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CURIOSITIES

OF

210

LONDON:

EXHIBITING THE MOST

RARE AND REMARKABLE OBJECTS OF INTEREST

IN THE METROPOLIS ;

WITH

Uearln fifty Years' Personal Recollections.

BY JOHN TIMBS, F.S.A.
ACTHOR OF A PICTURESQUE PEOYEXADE BOUND DORKING; AND EDITOR OF

LACONICS, THE YEAR-BOOK OF FACTS, ETC.

Werkes gerabyteopTelipego portare any callebabnphyap bmnan
Londone prenese yendofoppeondicoga poedp to sopylebze deon calljabara
leszpcos pe zgopepan op endnepdet bægekynget Jiepille bazaloestoboo buf
maryjane apep lirada diego Jienelle Epoban b entg narcop ang pay
bcode.gos con Schelde.

Charter granted by William the Conqueror to the City of London,

A.D. 1007. (See page 460.)

LIBRARY

UNIVERSITY OF

LONDON: CALIFORNI!.
DAVID BOGUE, 86 FLEET STREET.

MDCCCLV.

I A677:

TS

7

LOX DOX:

PRINTED BY LEVEY, ROBSOX, AND PASKLYX,

Great New Street and Petter Lane.

'to

PREFACE.

LITTLE deed be said to bespeak the interest of readers in the staple of the present work—the Notable Things in the History of London through its Nineteen Centuries of accredited antiquity. Still, I am anxious to offer a few words upon the origin and growth of this volume ; and the means by which I have striven to render it as complete as the extent and ever-varying nature of the subject will allow.

Twenty-seven years since (in 1828), I wrote in the parlour of the house No. 3 Charing Cross (then a publisher's), the title and plan of a volume to be called “ CURIOSITIES OF LONDON;" and the work here submitted to the public is the realisation of that design. I then proposed to note the most memorable points in the annals of the Metropolis, and to describe its most remarkable objects of interest, from the earliest period to my own time,--for the Present has its “ Curiosities” as well as the Past. Since the commencement of this design in 1828,-precisely midway in my lifetime,-I have scarcely for a day or hour lost sight of the subject; but, through a long course of literary activity,* have endeavoured to profit by every fair opportunity to increase my stock of materials ; and by constant comparison, “not to take for granted, but to weigh and consider,” in turning such materials to account. In this labour I have been greatly aided by the communications of obliging friends, as well as by my own recollection of nearly Fifty Years' Changes in the aspects of “enlarged and still increasing London,"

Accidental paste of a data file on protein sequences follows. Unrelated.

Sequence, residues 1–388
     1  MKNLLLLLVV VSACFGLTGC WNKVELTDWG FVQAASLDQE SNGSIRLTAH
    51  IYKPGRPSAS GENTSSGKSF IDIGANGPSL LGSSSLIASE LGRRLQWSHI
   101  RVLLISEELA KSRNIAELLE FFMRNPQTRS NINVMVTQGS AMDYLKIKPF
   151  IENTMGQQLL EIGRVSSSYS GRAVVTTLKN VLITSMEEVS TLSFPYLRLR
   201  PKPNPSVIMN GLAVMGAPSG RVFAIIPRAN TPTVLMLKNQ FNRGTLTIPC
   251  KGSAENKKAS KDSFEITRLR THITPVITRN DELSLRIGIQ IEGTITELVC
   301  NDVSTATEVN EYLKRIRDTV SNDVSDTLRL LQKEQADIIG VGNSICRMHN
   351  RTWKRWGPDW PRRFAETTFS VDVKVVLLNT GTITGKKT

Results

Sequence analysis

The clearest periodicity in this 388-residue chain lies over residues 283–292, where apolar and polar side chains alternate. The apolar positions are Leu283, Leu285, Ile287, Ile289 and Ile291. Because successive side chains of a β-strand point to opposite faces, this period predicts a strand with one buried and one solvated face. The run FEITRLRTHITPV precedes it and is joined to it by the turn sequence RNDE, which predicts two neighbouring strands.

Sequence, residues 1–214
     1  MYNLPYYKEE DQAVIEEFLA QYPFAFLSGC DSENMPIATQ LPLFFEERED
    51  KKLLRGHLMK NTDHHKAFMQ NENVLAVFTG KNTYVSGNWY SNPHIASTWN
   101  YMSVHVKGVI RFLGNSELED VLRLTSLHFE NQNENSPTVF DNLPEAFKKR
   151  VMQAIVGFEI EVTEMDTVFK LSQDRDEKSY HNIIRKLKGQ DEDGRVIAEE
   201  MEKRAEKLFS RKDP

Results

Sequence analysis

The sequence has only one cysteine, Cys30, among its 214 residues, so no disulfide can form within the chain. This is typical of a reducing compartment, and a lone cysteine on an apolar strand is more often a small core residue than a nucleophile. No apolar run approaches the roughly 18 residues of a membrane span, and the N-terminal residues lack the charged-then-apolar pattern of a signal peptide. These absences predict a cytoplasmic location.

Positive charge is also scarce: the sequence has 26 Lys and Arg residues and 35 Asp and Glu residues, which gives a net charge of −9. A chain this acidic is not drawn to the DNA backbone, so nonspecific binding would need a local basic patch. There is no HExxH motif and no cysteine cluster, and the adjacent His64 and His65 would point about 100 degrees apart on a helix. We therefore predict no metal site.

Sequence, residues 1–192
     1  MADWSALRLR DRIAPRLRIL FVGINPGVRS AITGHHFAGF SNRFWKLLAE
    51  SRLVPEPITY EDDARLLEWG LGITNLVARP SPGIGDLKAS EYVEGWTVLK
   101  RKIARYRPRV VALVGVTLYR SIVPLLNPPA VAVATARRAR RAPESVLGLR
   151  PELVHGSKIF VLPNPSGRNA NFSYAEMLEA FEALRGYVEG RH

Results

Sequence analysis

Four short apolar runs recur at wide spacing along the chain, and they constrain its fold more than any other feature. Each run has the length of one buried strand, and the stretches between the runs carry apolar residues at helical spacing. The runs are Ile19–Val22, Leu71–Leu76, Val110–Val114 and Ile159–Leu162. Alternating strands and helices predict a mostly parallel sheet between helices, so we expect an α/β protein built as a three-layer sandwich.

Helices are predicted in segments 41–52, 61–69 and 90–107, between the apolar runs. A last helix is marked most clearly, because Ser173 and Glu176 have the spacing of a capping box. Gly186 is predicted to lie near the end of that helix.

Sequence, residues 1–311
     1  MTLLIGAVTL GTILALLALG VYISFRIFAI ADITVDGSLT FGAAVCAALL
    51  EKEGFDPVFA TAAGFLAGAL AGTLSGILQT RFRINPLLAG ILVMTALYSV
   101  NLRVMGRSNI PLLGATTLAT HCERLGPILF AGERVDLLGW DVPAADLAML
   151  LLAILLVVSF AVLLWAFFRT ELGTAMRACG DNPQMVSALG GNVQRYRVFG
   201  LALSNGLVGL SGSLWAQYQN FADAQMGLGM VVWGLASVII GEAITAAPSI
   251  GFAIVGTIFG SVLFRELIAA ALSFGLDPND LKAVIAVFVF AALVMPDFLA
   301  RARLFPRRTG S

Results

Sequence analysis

" Thinking how different a place London is to different people," I have, in this volume, studied many tastes ; but its leading cha

• WORKS BY THE AUTHOR OP THE PRESENT VOLUME: A Picturesque Promenade round Dorking in Surrey, 1822. The same, 2d edit., 1823.-Laconics; Gr, the Best Words of the Best Authors, 3 vols. 1826.—Mirror, edited, 1827-1838 (Twenty-two vols.).—Signs before Death, 1828.- Cameleon Sketches, 1828.Companion to the Theatres, 1829 – Arcana of Science and Art, 1828-1838 (Eleven vols.).-Wine-drinker's Manual, 1830.-Family Manual, 1831.-Knowledge for the People; or, the Plain Why and Because, 4 vols. 1831-2.-Popular Zoology, 1834.-Domestie Life in England, 1835.-The Instructor, Vol. 2 (written for the Society for Promoting Christian Knowledge), 1835.–Family Handbook, 1837.-Literary World, 3 vols, 1839, 1840.--London Anecdotes, 2 vols. 1848.Illustrated Year-book, 2 vols. 1850, 1851.-Wellingtoniana, 1852.-Year-book of Facts, 1839-1855. (Seventeen vols.)